Hurricane Javier (2004)
|Category 4 hurricane (SSHWS)|
Hurricane Javier at peak intensity on September 13, 2004
|Formed||September 10, 2004|
|Dissipated||September 20, 2004|
|Highest winds||1-minute sustained:
150 mph (240 km/h)
|Lowest pressure||930 mbar (hPa); 27.46 inHg|
|Fatalities||0 direct, 3 missing|
|Areas affected||Baja California, southwestern United States|
|Part of the 2004 Pacific hurricane season|
Hurricane Javier was the tenth named storm and the sixth and final hurricane of the 2004 Pacific hurricane season. Javier was also the strongest hurricane of the 2004 season, with 150 mph (240 km/h) winds and a central pressure of 930 millibars. However, because of high wind shear in the East Pacific, Javier weakened rapidly before making landfall in Baja California as a tropical depression. The remnants of the storm then continued moving northeast through the Southwestern United States. Javier caused no direct fatalities, and the damage in Mexico and the United States was minimal.
The origins of Javier was from a tropical wave that moved off the coast of Africa on August 29. The disturbance crossed the Atlantic Ocean without further development due to unfavorable conditions. The tropical wave then combined with another low pressure system near the Leeward Islands and the two systems continued to move westward across the Caribbean Sea. The storm crossed Central America on September 9 where it gained more convection. On September 10, the disturbance became Tropical Depression 13-E at 1800 UTC. The next day, it strengthened into Tropical Storm Javier.
Weak wind shear allowed Javier to reach hurricane strength on September 12. Then the storm moved slowly to the west and northwest around a subtropical ridge that was centered over Mexico. Javier then underwent rapid intensification as the storm reached a peak intensity of 150 mph (240 km/h) and a central pressure of 930 millibars. These numbers qualified it as a Category 4 hurricane on the Saffir-Simpson Hurricane Scale and made it the strongest tropical cyclone of the 2004 Pacific hurricane season.
Javier then developed a concentric eyewall before weakening to a Category 3 storm. Javier maintained Category 3 status for three days before encountering cooler waters which further weakened the storm. Javier then turned northward and then northeastward before making landfall in Baja California as a tropical depression on September 19. The depression moved over Guaymas, Sonora, before losing tropical characteristics. The remnants of Javier then moved over the rest of Mexico and the Southwestern United States.
Javier's strength was difficult to forecast. In its formation stages many of the forecast models gave out a complex suggestions of where the storm should go. One of the models forecast the storm to move west for a couple of days and then stall offshore and then turn east and hit western Guatemala. The rapid intensification was also difficult to forecast compared to average forecast errors in a ten-year period. Mexican officials began issuing tropical storm watches on September 15 as Javier paralleled the west coast of Mexico. The warnings for western mainland Mexico were then dropped as the storm did not recurve as predicted. However, more tropical storm warnings were issued for Baja California and northwestern Mexico as Javier was located 300 kilometres (186 mi) southwest of Baja California. Forecasters predicted that Javier would bring a storm surge of 1–3 feet, (0.3–1 meters)rainfall of 3-6 inches (7.6-15.2 cm), and strong rip currents. The National Hurricane Center, predicted that Javier will parallel the Baja California coastline according to their forecast models and recurve as a weak storm and dissipate over the Southwestern United States. On September 18, Mexican officials discontinued the warnings for Baja California when Javier weakened to a tropical depression before making landfall.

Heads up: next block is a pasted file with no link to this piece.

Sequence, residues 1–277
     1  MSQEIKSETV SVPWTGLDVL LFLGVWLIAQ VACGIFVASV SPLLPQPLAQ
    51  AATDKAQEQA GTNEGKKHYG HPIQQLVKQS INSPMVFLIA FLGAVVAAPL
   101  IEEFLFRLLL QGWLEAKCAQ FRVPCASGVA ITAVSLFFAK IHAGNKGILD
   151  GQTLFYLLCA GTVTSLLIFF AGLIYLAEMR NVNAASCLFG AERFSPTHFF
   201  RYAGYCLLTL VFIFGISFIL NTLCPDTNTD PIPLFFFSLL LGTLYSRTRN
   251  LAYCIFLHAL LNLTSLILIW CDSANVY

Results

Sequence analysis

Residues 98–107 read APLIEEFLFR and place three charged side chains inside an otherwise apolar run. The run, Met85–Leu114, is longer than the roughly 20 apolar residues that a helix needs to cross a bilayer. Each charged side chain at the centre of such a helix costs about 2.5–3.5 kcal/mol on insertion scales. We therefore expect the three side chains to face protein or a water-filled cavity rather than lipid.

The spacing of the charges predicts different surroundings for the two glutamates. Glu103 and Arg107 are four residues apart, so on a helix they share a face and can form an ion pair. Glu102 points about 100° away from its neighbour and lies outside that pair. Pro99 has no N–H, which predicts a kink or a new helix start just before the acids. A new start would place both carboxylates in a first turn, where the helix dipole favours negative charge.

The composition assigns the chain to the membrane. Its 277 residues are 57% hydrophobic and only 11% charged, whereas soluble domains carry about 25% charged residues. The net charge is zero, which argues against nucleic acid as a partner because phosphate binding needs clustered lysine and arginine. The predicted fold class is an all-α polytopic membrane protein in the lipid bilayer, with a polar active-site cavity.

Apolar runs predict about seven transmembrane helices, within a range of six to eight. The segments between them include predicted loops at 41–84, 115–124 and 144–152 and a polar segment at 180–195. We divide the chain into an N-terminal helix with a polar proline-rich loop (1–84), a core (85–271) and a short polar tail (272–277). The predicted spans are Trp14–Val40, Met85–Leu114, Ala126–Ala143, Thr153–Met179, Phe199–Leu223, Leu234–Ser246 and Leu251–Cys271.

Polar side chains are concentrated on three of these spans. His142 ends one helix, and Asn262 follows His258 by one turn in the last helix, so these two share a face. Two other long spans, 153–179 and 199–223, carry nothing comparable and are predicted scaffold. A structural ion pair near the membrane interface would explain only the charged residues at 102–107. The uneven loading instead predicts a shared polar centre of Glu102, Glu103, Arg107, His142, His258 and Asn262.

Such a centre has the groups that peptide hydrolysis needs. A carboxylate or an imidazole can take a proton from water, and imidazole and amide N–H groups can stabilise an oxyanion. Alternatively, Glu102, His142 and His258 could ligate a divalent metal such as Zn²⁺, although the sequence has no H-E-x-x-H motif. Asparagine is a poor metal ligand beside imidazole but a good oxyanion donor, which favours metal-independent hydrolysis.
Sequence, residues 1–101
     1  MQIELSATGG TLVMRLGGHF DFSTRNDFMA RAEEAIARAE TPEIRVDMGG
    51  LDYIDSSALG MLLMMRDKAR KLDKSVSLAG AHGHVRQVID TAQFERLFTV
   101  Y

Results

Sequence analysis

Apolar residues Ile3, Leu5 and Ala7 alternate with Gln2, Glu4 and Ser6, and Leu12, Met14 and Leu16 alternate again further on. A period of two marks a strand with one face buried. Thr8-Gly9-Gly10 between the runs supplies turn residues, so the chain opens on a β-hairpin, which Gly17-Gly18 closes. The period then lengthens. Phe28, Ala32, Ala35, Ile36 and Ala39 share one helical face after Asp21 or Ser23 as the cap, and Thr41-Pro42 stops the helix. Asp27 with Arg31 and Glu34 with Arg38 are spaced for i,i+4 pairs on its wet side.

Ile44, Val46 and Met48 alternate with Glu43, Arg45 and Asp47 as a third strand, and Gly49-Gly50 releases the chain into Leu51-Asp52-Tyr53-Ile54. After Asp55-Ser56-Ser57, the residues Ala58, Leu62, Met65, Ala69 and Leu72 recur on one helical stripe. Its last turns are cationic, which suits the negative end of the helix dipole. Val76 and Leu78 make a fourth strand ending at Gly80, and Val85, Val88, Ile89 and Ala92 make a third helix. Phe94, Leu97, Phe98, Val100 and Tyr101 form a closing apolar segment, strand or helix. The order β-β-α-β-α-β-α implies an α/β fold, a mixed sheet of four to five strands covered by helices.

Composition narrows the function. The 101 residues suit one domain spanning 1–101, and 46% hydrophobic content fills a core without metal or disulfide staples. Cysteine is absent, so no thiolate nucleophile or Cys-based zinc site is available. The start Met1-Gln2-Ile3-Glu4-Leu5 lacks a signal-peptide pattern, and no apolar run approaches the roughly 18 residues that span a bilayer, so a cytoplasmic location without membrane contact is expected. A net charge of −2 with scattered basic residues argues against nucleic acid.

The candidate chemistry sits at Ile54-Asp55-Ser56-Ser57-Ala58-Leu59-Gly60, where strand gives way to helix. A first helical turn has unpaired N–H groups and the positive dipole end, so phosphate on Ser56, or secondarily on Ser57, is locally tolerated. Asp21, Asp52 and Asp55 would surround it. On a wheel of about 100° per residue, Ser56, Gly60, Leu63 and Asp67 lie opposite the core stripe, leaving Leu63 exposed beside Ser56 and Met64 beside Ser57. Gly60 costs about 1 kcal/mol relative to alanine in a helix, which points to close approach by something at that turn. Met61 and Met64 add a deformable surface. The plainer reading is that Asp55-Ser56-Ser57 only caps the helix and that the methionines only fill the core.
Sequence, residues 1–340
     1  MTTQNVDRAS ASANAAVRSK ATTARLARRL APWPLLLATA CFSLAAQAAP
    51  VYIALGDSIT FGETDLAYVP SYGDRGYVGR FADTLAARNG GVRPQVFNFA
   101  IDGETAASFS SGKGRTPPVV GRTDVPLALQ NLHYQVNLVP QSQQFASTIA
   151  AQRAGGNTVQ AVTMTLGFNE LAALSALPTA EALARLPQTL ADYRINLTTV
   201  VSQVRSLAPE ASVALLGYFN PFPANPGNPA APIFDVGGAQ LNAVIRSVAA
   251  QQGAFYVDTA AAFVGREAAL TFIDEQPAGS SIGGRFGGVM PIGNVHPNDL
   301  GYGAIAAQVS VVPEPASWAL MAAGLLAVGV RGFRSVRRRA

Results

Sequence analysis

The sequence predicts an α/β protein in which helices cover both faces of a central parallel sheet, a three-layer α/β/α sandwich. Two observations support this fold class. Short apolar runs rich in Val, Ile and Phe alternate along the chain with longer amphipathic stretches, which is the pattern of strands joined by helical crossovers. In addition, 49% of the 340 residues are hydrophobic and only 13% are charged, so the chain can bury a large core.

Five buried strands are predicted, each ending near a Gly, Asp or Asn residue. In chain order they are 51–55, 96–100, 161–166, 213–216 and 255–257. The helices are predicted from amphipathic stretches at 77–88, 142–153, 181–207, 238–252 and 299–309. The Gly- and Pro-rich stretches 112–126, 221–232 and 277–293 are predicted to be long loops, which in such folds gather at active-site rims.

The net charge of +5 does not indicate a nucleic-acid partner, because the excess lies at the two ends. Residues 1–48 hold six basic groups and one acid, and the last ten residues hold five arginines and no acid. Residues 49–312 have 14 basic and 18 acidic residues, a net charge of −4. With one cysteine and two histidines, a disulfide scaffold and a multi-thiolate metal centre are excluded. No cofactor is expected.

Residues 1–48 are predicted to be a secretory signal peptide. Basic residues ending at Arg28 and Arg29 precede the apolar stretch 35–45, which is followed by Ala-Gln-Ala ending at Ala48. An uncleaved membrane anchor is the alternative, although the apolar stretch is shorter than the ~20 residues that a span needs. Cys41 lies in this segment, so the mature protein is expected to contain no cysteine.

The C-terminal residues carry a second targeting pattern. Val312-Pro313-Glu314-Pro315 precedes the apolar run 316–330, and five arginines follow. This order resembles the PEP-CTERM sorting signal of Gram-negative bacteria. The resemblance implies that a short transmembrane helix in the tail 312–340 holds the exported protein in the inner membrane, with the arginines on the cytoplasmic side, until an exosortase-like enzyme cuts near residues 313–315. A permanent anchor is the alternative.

Winds up to tropical storm force were reported by ships at sea. On land, the storm dropped 3.14 inches (80 mm) of rain in Bacanuchi, Mexico. Javier's flooding rains damaged portions of highway 1 near Vizcaino and three fishermen were reported missing when their ship was lost during the storm. In addition, oil prices began to climb when Javier passed through the area. However, overall damage in Baja California was minimal.
In Arizona, the remnants of Javier dropped widespread, light to moderate rainfall, improving topsoil moisture and greatly affecting a prolonged drought in the Southwestern United States. Maximum rainfall in the state reached 7 in (180 mm) in Walnut Creek. In Tucson, the airport received rainfall of 0.37 inches (93 mm) while the University of Arizona reported 0.89 inches (26 mm) of rain. Lightning and rain from Javier delayed the University of Arizona Wildcats football game against the Wisconsin Badgers for 88 minutes late in the second quarter, and flooding closed several roads. Grand Canyon, Arizona received 3.30 inches (84 mm) of rain, exactly one fifth of its yearly average. The remnants of Javier also dropped 1-3 inches of rain across Utah, Colorado, New Mexico, Texas and the upper Midwest. In terms of point maxima, Javier is the rainiest tropical cyclone on record in the period 1972 — 2008 in Wyoming and North Dakota.
- Tropical cyclone
- List of tropical cyclones
- List of named tropical cyclones
- List of wettest tropical cyclones in Arizona
- Timeline of the 2004 Pacific hurricane season
- List of Category 4 Pacific hurricanes
|Wikimedia Commons has media related to Hurricane Javier (2004).|
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- Eric Swedlund (2004-09-19). "Tucson area gets welcome soaking". Arizona Daily Star. Retrieved 2006-05-26.
- David M. Roth. "Maximum Rainfall caused by Tropical Cyclones and their remnants per state (1972-2008)" (GIF). Hydrometeorological Prediction Center. Retrieved 2008-11-02.